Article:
The darkly euphoric Bruce Sterling at SXSW talking about his new book Gothic High Tech and Favella Chic, on why “hactivism” isn’t democracy and why he finds Sarah Palin “super interesting.”

Monday, March 7, 2011

Why the Dollar's Reign Is Near an End

For decades the dollar has served as the world's main reserve currency, but, argues Barry Eichengreen, it will soon have to share that role. Here's why—and what it will mean for international markets and companies.

"The greenback [...] is not just America's currency. It's the world's." The dollar's three pillars are:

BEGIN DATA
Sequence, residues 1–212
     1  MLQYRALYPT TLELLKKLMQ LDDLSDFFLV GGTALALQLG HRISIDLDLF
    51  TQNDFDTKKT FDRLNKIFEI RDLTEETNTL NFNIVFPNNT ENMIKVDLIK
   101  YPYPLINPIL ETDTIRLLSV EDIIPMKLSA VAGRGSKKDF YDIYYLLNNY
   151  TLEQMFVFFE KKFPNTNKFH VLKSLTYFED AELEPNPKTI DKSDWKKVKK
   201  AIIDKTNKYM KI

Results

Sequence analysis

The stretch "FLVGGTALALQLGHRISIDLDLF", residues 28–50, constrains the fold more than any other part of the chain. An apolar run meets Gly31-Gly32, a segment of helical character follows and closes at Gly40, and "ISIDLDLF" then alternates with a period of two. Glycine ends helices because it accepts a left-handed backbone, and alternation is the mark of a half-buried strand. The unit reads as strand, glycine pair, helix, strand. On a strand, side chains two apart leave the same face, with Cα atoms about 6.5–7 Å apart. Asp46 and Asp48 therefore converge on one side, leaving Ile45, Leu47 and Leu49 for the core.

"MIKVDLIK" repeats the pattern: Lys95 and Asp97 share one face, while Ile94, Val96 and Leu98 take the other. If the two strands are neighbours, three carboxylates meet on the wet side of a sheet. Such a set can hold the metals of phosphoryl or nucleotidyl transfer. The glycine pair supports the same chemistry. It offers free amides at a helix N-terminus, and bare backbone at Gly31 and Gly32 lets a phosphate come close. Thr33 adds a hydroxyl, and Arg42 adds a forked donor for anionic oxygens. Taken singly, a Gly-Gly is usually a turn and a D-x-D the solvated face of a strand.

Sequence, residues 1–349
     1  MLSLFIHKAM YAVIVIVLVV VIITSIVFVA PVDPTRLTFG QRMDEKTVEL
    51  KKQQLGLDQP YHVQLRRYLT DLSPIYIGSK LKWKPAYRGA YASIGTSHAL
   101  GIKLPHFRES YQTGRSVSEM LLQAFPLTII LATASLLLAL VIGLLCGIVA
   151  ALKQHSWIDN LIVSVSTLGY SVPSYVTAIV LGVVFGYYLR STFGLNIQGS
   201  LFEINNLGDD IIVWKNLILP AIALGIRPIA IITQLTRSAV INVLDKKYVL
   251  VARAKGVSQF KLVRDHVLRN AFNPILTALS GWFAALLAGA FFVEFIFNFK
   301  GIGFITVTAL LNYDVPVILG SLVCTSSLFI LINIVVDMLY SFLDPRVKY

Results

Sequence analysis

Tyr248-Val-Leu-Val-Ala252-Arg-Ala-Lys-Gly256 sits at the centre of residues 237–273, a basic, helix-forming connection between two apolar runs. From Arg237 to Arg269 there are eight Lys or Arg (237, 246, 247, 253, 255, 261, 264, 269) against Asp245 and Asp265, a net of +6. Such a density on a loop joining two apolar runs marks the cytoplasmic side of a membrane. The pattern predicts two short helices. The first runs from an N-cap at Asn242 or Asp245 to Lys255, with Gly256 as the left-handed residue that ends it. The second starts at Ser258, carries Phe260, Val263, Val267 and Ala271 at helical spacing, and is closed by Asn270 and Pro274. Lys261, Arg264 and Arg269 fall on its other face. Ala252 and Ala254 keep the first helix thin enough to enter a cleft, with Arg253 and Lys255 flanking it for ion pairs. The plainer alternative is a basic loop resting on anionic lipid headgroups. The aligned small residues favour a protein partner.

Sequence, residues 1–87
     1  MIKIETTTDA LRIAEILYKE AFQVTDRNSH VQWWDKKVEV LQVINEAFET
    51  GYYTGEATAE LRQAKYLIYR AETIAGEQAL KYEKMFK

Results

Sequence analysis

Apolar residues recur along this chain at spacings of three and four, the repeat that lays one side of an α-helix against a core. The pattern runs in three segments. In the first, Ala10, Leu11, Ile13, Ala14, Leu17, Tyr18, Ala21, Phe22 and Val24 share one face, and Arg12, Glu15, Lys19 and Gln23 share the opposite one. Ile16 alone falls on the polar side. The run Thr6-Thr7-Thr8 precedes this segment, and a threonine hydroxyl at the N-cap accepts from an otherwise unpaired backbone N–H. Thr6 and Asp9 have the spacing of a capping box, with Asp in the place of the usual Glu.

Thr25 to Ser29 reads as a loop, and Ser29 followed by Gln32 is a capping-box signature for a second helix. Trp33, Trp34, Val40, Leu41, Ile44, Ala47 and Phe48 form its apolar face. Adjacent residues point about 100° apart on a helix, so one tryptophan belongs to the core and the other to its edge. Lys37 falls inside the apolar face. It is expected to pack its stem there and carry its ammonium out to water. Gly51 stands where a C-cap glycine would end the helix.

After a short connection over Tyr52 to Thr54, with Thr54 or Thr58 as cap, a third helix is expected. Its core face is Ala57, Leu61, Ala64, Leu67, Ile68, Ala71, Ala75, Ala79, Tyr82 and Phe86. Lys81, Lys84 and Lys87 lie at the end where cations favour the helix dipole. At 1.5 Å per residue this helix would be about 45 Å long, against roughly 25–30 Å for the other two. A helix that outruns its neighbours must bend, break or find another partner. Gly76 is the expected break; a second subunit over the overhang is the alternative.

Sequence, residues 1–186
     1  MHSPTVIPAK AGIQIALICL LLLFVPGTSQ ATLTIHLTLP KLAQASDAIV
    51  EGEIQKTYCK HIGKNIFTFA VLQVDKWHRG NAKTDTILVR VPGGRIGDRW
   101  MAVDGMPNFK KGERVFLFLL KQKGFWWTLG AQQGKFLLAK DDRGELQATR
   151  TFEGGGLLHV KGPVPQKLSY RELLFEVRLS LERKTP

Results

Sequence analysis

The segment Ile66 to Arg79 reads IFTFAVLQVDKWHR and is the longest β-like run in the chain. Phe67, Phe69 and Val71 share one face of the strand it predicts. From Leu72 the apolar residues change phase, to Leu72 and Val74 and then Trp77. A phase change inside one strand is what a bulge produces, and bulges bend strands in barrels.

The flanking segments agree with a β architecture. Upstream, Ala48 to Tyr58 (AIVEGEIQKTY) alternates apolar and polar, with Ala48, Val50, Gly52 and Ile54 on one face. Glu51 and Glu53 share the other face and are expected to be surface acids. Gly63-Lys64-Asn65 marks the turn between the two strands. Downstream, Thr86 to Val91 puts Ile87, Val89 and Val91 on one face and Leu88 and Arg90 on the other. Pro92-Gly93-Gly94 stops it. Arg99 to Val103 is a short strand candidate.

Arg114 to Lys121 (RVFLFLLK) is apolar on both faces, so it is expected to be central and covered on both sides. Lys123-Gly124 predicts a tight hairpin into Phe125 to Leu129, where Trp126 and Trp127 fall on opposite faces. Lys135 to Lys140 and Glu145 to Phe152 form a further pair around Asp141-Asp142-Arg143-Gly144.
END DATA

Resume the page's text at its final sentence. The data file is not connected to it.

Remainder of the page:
1. depth of markets
  2. safety, stability, liquidity
  3. lack of alternatives

Three things that are changing are:

  1. technology eases the problems of multiple currencies
  2. rivals: the Euro and the Chinese Yuan
  3. loss of confidence
The U.S. government has a history of honoring its obligations, and it has always had the fiscal capacity to do so. But now, mainly as a result of the financial crisis, [...] questions will be asked about whether the U.S. intends to maintain the value of its debts or might resort to inflating them away.

Saturday, February 19, 2011

Shaping the cognitive map of the political-economy

Princeton's guest lecture archives are chock full of great stuff. One example is The Current State of the Economy (video and audio) a discussion between Matthew Taibbi and Gillian Tett moderated by Harrison Hong held in April 2010.

In case you listen, the audio for Gillian Tett is a little screwed up.